I missed the German Die Unsichtbare (Cracks in the Shell, Christian Schwochow) — a curious theatre psychodrama pitched somewhere between Black Swan and Jacques Rivette — during the International Film Festival Rotterdam. No matter: I caught it on the plane back to Australia — just one of dozens of 'world movie' offerings in Economy class.
The wide world is certainly changing for cinephiles: the specialness of what we once expected to see only if we were clutching a precious entry ticket to the Pathé or Cinerama cinemas in the heart of Rotterdam has gradually been diffused. Now, as a member of a jury, a contributor to de Filmkrant or, indeed, any customer with an Internet connection and a magic password, I might watch some of the festival films on-line before, during or after the event. Or I might be lucky to catch some of them 'in the air'.
Do all cinephiles dream, like me, of being in charge of programming on long-haul plane flights? About a decade ago, an unexpected bump-up to Business class had me stunned when personalised service offered me a viewing of Haneke's Code Unknown (2000), while the plebs up the back (my usual spot) had to make do with mediocre Hollywood action flicks and rom-coms. But this elitism has somewhat broken down today (unless they are now watching Ken Jacobs and Lav Diaz in Business, who knows?): on my Melbourne-Rotterdam return flight, I was able to study at leisure Manoel de Oliveira's sublime The Strange Case of Angelica (2010) — which is, astonishingly, perfect plane viewing — and Kiyoshi Kurosawa's Cure (1997) which, like a previous flight's viewing of his Tokyo Sonata (2008), made me rather queasy as I hovered there above our sad, haunted planet.
Things — bits of films — connect in unpredictable, surreal ways in the minds of viewers and critics. Strange Case of Angelica, which begins our image-box sequence, is an explicit meditation upon photography: stillness, movement, the developing and pegging of a row of shots, frame-animation as resurrection, death as a heavenly beyond. What began as a solid film project in Oliveira's mind long ago (the screenplay already published) is now paradoxically brushed up and enlivened with digital effects for its Chagall-like reverie of lovers in flight.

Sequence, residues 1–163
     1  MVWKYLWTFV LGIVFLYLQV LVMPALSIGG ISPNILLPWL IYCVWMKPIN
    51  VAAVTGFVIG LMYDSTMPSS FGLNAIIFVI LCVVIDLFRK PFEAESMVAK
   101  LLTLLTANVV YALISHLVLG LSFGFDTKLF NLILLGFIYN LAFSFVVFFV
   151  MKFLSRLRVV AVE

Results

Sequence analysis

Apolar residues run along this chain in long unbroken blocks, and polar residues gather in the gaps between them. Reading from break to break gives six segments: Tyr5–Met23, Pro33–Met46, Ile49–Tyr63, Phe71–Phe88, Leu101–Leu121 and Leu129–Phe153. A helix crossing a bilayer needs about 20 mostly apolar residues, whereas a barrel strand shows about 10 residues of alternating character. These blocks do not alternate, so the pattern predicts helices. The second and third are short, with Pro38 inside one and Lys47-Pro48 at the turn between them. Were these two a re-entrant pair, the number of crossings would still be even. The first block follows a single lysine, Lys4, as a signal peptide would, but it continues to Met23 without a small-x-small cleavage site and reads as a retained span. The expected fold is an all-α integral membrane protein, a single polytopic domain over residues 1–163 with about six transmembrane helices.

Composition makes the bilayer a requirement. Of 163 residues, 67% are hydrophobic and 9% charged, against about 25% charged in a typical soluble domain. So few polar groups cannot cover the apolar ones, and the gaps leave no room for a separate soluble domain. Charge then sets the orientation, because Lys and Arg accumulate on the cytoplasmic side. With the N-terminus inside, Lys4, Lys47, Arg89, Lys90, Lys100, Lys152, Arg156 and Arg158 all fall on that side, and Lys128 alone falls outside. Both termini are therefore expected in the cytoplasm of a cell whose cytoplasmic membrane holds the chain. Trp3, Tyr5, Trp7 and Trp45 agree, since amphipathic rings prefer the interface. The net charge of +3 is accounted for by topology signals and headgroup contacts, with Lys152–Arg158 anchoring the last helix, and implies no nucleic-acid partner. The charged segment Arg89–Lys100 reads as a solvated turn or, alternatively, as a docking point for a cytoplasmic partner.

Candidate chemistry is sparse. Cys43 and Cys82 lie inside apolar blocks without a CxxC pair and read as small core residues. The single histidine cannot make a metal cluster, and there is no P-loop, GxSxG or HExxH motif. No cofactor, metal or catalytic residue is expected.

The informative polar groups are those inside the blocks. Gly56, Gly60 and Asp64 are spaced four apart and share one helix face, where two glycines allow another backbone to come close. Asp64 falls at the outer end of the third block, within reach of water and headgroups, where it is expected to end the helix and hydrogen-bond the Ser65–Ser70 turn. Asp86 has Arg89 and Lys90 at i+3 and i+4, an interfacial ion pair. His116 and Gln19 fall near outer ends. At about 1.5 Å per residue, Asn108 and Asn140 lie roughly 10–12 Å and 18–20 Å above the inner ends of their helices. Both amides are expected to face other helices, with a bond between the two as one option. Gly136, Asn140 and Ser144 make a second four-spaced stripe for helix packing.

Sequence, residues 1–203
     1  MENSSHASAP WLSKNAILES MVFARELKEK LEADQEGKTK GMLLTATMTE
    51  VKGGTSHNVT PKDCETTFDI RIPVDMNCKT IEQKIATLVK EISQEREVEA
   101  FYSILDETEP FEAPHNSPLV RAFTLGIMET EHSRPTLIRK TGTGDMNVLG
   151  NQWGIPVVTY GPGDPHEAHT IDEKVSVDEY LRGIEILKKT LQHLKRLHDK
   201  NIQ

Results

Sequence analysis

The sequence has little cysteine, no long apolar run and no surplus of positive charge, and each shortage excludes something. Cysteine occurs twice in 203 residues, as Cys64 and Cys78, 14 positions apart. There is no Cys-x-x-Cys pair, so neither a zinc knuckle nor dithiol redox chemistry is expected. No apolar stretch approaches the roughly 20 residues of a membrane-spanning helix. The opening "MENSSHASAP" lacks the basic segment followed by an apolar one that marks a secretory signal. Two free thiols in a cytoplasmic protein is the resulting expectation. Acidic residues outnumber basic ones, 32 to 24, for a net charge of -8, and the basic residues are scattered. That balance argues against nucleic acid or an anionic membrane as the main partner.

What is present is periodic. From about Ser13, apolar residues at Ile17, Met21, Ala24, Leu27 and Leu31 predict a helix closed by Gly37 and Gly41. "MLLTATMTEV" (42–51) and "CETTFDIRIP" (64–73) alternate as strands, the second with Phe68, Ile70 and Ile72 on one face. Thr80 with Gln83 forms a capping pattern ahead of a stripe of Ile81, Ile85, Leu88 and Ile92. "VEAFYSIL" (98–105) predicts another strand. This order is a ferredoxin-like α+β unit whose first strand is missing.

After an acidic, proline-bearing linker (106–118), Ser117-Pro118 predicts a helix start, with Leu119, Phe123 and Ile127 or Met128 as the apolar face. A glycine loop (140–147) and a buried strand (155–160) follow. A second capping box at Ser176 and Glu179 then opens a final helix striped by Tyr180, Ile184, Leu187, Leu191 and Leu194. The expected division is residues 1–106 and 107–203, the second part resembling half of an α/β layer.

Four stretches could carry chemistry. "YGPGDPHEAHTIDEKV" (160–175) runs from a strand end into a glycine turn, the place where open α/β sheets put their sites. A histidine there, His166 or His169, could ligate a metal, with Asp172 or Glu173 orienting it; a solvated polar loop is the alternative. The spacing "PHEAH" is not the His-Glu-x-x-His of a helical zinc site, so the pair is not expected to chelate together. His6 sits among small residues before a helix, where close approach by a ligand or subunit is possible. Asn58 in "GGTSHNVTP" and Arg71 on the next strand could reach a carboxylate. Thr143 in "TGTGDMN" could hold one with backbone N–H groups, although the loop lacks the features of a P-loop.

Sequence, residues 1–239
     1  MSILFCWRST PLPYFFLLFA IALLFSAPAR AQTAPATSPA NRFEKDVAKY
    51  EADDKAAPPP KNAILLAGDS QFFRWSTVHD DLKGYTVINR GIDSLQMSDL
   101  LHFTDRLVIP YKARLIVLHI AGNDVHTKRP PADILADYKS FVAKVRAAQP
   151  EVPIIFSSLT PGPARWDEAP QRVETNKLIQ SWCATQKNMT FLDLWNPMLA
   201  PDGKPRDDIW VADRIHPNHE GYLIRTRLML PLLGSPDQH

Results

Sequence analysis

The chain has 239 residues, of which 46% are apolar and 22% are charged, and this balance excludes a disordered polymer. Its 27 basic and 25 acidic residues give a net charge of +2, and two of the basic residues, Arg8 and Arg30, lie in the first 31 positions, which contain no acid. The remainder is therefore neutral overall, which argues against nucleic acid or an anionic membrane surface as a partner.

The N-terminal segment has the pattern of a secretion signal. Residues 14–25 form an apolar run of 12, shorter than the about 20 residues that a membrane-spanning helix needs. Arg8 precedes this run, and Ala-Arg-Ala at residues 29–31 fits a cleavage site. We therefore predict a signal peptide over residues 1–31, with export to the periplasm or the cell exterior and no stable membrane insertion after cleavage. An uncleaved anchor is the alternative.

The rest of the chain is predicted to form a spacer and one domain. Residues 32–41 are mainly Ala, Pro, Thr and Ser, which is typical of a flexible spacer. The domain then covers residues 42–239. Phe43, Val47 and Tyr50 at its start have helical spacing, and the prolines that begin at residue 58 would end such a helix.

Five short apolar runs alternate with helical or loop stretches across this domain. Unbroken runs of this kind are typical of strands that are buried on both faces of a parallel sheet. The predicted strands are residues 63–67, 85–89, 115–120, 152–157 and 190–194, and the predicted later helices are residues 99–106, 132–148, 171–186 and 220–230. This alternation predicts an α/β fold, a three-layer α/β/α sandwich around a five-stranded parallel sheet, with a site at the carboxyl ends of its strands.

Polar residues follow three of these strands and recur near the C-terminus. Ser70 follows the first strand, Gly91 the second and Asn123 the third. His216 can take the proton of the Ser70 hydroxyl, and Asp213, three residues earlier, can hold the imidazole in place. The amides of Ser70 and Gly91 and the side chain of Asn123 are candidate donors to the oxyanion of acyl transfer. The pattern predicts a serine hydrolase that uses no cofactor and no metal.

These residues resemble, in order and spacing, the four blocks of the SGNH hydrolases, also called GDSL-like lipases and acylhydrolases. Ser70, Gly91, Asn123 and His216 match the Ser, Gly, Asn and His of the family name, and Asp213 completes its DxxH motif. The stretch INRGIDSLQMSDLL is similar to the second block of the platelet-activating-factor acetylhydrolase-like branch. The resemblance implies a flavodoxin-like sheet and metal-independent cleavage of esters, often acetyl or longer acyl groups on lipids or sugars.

In Rotterdam, Julio Bressane's remarkable Rua Aperana 52 also caressed, in an equally ghostly but more melancholic way, its chosen photographic traces: in this case, images of the house in which the director himself grew up, and its nearby environment. Also shot digitally, it is a mournful conjuring of a world that is lost, and a cinematic art about to be lost. "Nobody watches these films", mused Bressane as he gestured towards we eager few in our seats.
Photographs, still images, enter many circuits other than these plaintive allegories of cinema proposed by Oliveira and Bressane. Cure is also about haunting (in the disquietingly traumatic vein of most Kurosawa), but it's more substantially about the social vanity of the 'police procedural': mug shots of victims and suspects lined up neatly along an increasingly deranged cop's work wall. The rational order of this photographic regime is mocked by the increasingly hallucinatory nature of the smudgy events whirling around it, the bloody stainings and graffiti-like markings appearing and disappearing at every turn.
Between the cinema hall and the airplane, there's the art gallery: another space mined by Rotterdam. In Sascha Pohle's video Reframing the Artist, on loop in an unceremonious bunker, Chinese artists re-enact, Mumblecore-style, European and American movie visions of the great painters' tortured lives. The imaginary artworks that briefly filled the diegeses of these fictions — Scarlett Johansson as model for Vermeer, Edward G. Robinson's naïve surrealist streetscapes in Fritz Lang's Scarlet Street (1945) — live once more as pure, perfect kitsch, and are plonked down on a table like the hail of tourist postcards in Godard's Les carabiniers (1963), for our distracted, 21st century gaze. Is my plane leaving now?